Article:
I just read one of those stories so affectionately told and loved by so many, including strategists in basements in Langley, VA.
After some googling I got a refresher on a view on the nature of political and social power that I thought deserved some analysis in the context of global rule of law.
It started with a piece discussing the well-known synthesis of what is called collaborative and relational power. I’ll describe the two in the way I use the terms, and how I will use them here.
Collaborative power is a reference to societal-wide influence that a network of traditional power entities exert. These entities are not necessarily people, but institutions and institutional precedents in society; i.e. the formal mechanisms for assigning value in society, or law. I’m using the term “law” quite broadly here, but I mean to say the legal landscape of a society or societies which might include non-statutory constructs such as mores, cultural constraints, traditions, etc. Collaborative power sources are often much more complex and intricate than Relational power sources.
Relational power, on the other hand, refers to the same thing, except that the “mechanisms” are informal vice formal with examples including social networks (such as twitter), the media generally and religious and cultural institutions as opposed to the purely institutional entities associated with formal mechanisms. They can often revolve around the cult of personality. This is Langley-Land.
In the Atlantic article, Anne-Marie Slaughter uses a case study to capture a simple and useful image of these principles. In Egypt, at the end of November of last year, an Egyptian-American “columnist” Mona Eltahawy was abducted under color of authority and physically and mentally abused by delegates of the Egyptian regnant political establishment. She managed to tweet this simple fact just before her ability to communicate with the outside world was denied.
” … she managed to tweet five chilling words to her more than 60,000 followers: “beaten arrested in Interior Ministry.” Her tweet went out at 8:44 pm Eastern Standard Time (3:44 am in Cairo). At 9:05 pm, I got a direct message on Twitter from the NPR strategist Andy Carvin, who covers English-language social media from Arab protests, telling me of Mona’s tweet. After responding to him, I immediately sent an email to my former colleagues at the State Department. Within another hour, I’d heard back and was able to tweet that the U.S. Embassy in Cairo was on the case. Nick Kristof, citing his own contacts at the State Department,, sent out a similar message to his million-plus followers. ”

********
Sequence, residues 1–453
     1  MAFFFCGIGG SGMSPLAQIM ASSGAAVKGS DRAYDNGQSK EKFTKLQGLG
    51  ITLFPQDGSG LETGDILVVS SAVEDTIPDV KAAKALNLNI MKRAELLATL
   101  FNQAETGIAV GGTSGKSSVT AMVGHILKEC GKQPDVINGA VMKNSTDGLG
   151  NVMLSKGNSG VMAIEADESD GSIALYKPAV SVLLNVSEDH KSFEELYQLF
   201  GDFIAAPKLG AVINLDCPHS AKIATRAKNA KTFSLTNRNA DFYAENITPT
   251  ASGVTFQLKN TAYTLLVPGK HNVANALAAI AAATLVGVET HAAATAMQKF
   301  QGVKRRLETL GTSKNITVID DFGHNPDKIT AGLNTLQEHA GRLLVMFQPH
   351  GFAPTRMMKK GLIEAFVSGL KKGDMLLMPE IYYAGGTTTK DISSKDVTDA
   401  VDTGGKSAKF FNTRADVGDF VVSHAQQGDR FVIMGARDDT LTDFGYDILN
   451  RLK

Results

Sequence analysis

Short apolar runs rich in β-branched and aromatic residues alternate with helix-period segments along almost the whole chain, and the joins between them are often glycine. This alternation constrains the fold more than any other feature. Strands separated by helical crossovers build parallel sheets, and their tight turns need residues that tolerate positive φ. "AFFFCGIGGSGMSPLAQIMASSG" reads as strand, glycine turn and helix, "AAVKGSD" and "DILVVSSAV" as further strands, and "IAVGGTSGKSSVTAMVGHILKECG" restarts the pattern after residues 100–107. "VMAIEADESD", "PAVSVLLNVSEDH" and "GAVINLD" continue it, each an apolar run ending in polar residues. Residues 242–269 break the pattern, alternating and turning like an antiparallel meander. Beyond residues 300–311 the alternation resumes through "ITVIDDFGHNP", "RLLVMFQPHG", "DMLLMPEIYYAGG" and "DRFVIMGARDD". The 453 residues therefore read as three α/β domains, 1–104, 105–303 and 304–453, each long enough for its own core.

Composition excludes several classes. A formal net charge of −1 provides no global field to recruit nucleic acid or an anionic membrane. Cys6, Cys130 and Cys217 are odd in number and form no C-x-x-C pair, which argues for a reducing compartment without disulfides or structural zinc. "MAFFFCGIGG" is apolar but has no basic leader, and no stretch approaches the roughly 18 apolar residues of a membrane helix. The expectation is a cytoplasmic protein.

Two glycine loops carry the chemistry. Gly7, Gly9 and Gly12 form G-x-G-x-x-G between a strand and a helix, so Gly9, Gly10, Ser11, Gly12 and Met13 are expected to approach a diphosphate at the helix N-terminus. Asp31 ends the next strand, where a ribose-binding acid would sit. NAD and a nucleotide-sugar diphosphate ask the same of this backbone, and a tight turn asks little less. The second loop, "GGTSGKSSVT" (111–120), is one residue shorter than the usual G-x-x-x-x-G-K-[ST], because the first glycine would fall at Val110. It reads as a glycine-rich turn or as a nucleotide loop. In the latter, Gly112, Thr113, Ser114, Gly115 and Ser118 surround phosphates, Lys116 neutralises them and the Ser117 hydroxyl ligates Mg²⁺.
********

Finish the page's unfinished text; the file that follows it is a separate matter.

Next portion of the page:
Mona El Tahawy
… a description of events some bluntly say is reeking of privilege and connections; even though Anne-Marie’s thesis is that collaborative and relational powers are largely separate sources of power. What this description seems to show is that some degree of interconnectedness between these powers probably does exist, and that the separation Anne-Maries seems to implicitly assume is ephemeral at best.
Anne-Marie elaborates on her view of this binary view of power:
“… Nye is perhaps the world’s pre-eminent theorist of power; he coined the term “soft power” for the power of attraction versus “hard power,” the power of coercion … One familiar distinction is “power with” versus “power over.” The power that interests Nye is the power that a person, group, or institution exercises over other people, groups, or institutions, getting them to do something they would not have done on their own. “Power with,” on the other hand, is the power of multiple actors to get something done collaboratively.”
Here she means to say that “power over” is “relational” and “power with” is collaborative.
In another article responding to Anne-Marie’s article we hear an echoing of the observation regarding the close relationship and overlap between these “powers” from Alix Dunn:
“But does collaborative power really broaden the access circles of influence; or does it simply surface a few individuals’ connection to circles of power by making advocacy on their behalf easier and more visible? Does it equally distribute relational power, or do hierarchical power structures found in relational power dynamics simply regenerate in new media environments?”
Alex goes on to describe the apparent privilege of Eltahawy as we have already noted, and then he provides an interesting counter example,
“The case of Alaa Abdel Fatah is a clear counter example. Fatah has a reach similar to Eltahawy in the collaborative power landscape, significant media attention has been paid to his case, and yet he is still behind bars. The two main differences in these cases are related to traditional power dynamics — Eltahawy has American citizenship, Alaa does not; Alaa has been effectively supporting activism in Egypt for much longer than Eltahawy and has had significantly more on-the-ground impact on Egyptian social movements.”